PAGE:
Coming from developers MAYO Games is a new entry into the puzzle/exploration genre of games; a genre which isn’t noticeably over-stocked with games. That game is Megalan 11 and despite the odd name (at first, I really thought it was a misspelling of Megaman), can something new be brought to the table. Well, the developers have tried to throw in resource management and tower defence elements as well. Is the result a pleasing melange, or a right dog’s dinner? Well, get your bib on Fido…
So, let’s have a look at the reason why we are trying to puzzle and explore, shall we? We need to have a good reason, surely? Well, it appears that we were members of a scientific expedition, floating around in our spaceship, and as we were returning home we received an SOS signal from a nearby red planet (a bit like Mars, but it isn’t specified which planet it is). Being good space farmers we decide to go and see if we can help, and while we may be red hot scientists, it turns out that piloting spaceships is not amongst our skills. One crash later and all five members of the crew are waking, thrust into a world where we have to survive. Can we escape?
Presentation of Megalan 11 is not a strong point. In fact, it gets off to a poor start when none of the buttons do what you think they will. More on that later but for now our crew is a motley selection of five guys in spacesuits with large, glowing helmets; we can only control one of them. The rest of the crew are a complete waste of space not helping with any of the tasks, generally just standing about and getting injured. Still, at least the rest of the game is fairly dull to look at, with rubbish monster designs, a camera that appears to think ten pints is the right amount to drink before turning up for a shift, and generally being a bit rubbish.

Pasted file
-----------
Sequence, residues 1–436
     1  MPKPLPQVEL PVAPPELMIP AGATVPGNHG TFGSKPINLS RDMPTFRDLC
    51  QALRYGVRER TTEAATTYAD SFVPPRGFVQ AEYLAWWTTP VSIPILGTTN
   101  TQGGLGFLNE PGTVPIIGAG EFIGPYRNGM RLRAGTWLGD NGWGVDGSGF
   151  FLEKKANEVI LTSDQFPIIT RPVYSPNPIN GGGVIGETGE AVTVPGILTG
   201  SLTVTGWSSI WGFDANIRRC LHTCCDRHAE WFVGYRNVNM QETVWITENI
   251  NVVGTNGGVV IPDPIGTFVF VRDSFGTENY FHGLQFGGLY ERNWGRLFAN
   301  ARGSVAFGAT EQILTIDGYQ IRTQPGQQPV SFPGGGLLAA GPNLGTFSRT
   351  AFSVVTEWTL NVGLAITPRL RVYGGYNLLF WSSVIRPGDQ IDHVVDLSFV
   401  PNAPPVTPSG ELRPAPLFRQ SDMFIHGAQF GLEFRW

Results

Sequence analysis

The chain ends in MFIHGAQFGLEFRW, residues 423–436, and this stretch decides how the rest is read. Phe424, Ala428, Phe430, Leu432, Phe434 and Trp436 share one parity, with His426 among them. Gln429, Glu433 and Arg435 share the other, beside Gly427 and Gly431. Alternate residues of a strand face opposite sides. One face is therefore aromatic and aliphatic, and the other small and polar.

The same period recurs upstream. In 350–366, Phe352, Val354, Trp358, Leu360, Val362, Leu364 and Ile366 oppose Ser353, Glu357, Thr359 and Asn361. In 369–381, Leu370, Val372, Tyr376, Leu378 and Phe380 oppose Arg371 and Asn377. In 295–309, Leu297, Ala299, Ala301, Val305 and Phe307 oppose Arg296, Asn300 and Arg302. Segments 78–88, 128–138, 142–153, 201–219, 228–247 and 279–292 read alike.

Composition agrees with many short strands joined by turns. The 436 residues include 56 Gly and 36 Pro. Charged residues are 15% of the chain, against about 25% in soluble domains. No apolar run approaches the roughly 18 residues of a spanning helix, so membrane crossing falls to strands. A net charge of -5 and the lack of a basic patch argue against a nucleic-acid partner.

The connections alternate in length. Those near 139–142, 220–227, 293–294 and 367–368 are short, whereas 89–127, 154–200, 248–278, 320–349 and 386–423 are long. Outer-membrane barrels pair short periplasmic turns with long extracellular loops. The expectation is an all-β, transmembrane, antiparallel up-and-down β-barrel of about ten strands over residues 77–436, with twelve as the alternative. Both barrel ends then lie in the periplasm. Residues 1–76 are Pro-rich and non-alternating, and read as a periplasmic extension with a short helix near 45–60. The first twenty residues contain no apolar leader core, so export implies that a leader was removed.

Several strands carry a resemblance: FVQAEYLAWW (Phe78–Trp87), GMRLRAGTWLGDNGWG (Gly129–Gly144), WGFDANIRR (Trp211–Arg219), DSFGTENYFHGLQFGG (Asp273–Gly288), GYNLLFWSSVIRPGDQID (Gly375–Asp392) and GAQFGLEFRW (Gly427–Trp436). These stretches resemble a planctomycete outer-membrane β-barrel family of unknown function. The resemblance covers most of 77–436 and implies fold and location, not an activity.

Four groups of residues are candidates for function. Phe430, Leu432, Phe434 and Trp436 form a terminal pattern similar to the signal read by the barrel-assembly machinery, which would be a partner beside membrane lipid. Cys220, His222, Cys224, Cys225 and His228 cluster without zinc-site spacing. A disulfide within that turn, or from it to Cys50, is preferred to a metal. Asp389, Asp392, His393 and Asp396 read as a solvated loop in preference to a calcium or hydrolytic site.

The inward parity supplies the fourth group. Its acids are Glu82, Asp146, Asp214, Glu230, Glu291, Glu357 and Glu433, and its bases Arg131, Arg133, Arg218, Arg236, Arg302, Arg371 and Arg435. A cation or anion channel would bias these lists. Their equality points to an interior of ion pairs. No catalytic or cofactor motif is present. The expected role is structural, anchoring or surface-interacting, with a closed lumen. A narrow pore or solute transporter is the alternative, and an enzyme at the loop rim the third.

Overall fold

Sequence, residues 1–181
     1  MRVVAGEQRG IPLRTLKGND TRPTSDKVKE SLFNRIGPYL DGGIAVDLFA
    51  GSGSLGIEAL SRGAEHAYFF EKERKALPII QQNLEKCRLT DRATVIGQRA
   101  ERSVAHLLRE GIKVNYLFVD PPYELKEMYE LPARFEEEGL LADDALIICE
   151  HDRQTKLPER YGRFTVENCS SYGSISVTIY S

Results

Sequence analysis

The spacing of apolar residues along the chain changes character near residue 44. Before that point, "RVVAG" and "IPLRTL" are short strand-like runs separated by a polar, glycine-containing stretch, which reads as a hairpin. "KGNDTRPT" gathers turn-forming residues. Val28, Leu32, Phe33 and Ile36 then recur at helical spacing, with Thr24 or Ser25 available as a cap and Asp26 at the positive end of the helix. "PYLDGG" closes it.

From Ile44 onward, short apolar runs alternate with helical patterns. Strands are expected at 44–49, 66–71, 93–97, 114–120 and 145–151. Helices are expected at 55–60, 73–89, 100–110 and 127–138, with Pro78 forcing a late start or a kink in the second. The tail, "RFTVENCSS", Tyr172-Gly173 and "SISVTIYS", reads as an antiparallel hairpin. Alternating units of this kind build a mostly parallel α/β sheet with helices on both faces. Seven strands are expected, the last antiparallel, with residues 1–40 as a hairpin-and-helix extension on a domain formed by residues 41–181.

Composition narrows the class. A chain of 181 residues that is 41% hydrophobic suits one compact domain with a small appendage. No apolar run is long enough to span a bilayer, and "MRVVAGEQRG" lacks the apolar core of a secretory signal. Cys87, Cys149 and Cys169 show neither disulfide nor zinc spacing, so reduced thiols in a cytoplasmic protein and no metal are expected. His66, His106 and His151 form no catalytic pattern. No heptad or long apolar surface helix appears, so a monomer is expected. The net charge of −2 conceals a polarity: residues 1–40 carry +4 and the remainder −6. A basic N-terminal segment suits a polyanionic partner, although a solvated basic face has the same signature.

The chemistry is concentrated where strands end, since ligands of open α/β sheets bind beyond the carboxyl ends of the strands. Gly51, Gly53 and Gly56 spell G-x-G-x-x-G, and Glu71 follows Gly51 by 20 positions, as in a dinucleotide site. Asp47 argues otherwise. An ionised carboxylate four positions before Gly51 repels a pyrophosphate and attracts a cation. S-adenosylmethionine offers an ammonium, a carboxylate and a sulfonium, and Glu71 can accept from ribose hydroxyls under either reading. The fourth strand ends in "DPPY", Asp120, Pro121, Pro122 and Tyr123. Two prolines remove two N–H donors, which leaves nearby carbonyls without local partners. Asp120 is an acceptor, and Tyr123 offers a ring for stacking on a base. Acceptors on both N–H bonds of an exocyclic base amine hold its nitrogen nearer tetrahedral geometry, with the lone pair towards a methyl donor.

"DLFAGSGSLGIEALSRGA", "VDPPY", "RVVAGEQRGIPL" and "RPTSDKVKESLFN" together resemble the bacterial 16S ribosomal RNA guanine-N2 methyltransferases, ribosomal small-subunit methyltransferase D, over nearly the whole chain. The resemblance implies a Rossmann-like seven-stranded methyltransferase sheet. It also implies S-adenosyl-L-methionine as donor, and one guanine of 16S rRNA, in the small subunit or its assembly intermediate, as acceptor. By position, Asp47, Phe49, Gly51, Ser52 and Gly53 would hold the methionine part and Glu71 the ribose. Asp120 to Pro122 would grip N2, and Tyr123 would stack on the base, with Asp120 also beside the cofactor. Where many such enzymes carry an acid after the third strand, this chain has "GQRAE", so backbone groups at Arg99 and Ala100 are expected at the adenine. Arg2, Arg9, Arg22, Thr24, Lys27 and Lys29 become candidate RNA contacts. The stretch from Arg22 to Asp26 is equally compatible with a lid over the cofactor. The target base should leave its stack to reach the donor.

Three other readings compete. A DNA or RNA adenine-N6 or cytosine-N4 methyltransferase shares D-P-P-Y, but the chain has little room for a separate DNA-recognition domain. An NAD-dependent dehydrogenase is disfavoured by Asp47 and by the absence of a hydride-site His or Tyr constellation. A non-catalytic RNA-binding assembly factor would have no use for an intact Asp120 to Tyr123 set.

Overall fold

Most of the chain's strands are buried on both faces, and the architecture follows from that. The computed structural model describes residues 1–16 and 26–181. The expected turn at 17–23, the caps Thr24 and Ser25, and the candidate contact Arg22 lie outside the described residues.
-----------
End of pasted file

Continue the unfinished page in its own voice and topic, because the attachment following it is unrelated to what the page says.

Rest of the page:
It’s a similar tale in terms of the audio too and whilst there is some sound, what it is is just noise, mainly, with awful plinky plonky tunes and a dull soundtrack that consists of either hammering as we break things, or the sound of a ratchet as we mend things. It’s not going well so far, is it?
But what is the gameplay loop here, what do we have to do in order to survive and thrive on an alien world? Well, as I said in the paragraph above, we have to break stuff to remake stuff, and that is pretty much it. After the spaceship crash, we have to take shelter in an abandoned base that seems to have been built for some reason. There is no back story to explain why this base is here – it just is. Anyway, what we need to do is explore the base, get the power, the water and the comms back on, and then see where we end up. What this entails is breaking things that are lying around the various rooms, smashing them for scrap, and then using the ensuing scrap to mend doors and installations. One of the first things we find is a bag that we can use to keep scrap in (up to 50 pieces). From there we discover a skip that we can store scrap in as well.